We use cookies to personalise content and ads, to provide social media features and to analyse our traffic. Read more…

PTP'S Radio Cavalcade: A Night of Radio Noir

Prospect Theater Project
Event organized by Prospect Theater Project

Get Directions

#var:page_name# cover

A Night of Radio Noir: Saturday, March 24, 2018 at 8:00 p.m.

Be a member of our live studio audience as the PTP Radio Cavalcade whisks you away to the Golden Age of Radio -- the 1940's & 50's -- and invites you into the recording studio for this evening's broadcast. Enjoy great talent, live foley artists, and live commercial breaks -- just as you would in an authentic Golden Age radio station!

"The Adventures of Philip Marlowe: Red Wind"
The Adventures of Philip Marlowe was a summer replacement for the Bob Hope show. This particular broadcast (also known as "The Pepsodent Show") was the first episode in the series. This same script was rerun a year later with a different radio cast. In the show, forty-one identical pearls with a diamond propeller clasp is the motive for murder!

"Lux Radio Theater: Double Indemnity"
In October of 1934, "Lux Radio Theater" debuted in New York on NBC's Blue radio network. Presenting audio versions of popular Broadway plays, the show failed to garner an audience and soon ran out of material. After switching networks to CBS and moving to Hollywood, Lux found its true market. The show began featuring adaptations of popular films, performed by as many of the original stars as possible. With an endless supply of hit films scripts and an audience of more than 40 million, Lux enjoyed a prosperous run until the curtain fell in 1956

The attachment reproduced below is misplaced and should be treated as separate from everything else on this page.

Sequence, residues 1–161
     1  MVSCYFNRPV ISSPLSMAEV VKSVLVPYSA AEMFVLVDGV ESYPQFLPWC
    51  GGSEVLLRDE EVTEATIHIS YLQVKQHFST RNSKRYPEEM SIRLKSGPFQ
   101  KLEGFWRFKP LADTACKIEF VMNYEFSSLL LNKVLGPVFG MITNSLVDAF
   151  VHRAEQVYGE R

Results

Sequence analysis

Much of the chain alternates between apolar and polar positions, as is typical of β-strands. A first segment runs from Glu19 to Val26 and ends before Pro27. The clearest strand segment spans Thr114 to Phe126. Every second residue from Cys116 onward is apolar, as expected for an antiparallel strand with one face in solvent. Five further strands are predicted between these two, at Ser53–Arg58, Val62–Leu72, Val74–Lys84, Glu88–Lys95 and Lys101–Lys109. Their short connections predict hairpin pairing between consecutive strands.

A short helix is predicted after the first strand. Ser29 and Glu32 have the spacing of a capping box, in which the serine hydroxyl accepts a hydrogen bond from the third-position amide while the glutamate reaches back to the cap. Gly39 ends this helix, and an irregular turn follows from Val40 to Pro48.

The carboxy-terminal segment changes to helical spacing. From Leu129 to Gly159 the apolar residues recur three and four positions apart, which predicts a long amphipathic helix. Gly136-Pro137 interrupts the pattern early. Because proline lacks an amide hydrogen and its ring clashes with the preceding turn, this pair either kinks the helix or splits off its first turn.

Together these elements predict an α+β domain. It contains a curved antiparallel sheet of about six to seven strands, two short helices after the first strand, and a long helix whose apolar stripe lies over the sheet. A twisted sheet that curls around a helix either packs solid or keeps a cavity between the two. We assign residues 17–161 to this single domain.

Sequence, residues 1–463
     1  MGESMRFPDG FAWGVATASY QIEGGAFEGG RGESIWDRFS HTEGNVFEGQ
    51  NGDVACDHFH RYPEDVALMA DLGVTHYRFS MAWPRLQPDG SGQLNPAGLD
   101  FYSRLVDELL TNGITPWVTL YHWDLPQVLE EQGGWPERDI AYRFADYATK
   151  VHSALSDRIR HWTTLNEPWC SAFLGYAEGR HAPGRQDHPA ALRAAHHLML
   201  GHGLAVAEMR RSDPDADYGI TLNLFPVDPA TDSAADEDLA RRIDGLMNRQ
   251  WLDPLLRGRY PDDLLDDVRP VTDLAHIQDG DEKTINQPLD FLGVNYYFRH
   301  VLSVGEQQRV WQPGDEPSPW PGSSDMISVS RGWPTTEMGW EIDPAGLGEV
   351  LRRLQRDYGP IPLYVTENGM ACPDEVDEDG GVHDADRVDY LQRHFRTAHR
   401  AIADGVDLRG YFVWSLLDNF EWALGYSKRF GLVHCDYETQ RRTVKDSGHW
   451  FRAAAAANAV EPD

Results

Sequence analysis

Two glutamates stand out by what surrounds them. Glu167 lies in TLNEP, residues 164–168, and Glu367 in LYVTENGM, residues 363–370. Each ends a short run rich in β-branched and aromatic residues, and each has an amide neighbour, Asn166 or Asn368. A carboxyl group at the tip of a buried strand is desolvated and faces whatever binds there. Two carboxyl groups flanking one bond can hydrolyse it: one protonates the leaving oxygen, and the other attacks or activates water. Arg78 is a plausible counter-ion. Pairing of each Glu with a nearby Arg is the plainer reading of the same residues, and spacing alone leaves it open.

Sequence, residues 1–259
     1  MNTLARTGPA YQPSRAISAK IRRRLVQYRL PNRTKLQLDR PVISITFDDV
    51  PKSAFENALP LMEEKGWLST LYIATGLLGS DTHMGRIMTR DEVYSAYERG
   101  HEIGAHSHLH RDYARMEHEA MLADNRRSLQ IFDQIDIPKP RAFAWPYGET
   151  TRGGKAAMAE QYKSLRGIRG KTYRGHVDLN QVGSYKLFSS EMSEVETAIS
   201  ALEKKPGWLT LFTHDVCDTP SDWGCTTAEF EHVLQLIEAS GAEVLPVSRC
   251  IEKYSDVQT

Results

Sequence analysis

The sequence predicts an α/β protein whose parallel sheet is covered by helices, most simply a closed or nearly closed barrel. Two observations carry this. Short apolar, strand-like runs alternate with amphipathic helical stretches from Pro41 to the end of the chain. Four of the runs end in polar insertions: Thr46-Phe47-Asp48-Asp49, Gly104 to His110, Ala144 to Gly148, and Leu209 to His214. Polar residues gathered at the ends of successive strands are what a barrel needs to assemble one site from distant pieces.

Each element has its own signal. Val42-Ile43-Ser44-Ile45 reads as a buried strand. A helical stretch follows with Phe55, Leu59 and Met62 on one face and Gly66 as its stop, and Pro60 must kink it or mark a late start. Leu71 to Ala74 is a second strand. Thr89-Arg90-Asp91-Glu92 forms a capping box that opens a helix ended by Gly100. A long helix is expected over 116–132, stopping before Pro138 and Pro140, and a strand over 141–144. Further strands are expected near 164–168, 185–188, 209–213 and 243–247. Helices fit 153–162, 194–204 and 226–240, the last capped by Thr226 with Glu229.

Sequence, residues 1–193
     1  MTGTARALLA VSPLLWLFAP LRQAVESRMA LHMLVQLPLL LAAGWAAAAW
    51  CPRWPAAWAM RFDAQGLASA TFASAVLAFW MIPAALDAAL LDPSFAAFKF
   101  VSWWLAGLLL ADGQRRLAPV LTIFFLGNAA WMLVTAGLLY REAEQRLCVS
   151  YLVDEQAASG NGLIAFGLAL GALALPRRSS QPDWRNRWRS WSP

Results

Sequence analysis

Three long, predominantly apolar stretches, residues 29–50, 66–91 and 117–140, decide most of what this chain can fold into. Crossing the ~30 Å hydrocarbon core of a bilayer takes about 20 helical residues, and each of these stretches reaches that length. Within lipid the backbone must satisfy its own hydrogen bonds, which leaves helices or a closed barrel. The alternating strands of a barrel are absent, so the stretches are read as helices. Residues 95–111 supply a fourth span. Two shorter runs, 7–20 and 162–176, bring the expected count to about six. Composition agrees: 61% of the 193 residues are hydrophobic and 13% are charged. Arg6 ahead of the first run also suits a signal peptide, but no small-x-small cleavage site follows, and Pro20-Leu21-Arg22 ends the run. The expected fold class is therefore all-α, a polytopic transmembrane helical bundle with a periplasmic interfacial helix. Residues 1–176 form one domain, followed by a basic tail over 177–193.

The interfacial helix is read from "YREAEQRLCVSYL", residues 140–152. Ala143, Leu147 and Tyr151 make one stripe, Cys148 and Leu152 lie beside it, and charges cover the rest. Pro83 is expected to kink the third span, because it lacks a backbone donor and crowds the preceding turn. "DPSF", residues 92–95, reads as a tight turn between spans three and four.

Airing October 30, 1950, Double Indemnity concerns Walter Neff, a successful insurance salesman, who returns to his office building in downtown Los Angeles late one night. Visibly in pain and sporting a gunshot wound on his shoulder, Neff begins dictating a confession into a Dictaphone for his friend and colleague, Barton Keyes, a brilliant claims adjuster. The story of his encounter with femme fatale Phyllis Dietrichson and a murder-for-money gone wrong, told primarily in flashback, ensues. The Lux broadcast featured both Fred MacMurray and Barbara Stanwyck recreating their film roles of Walter and Phyllis, and were joined by William Conrad as Keyes, taking over from Edward G. Robinson who played the role in the film.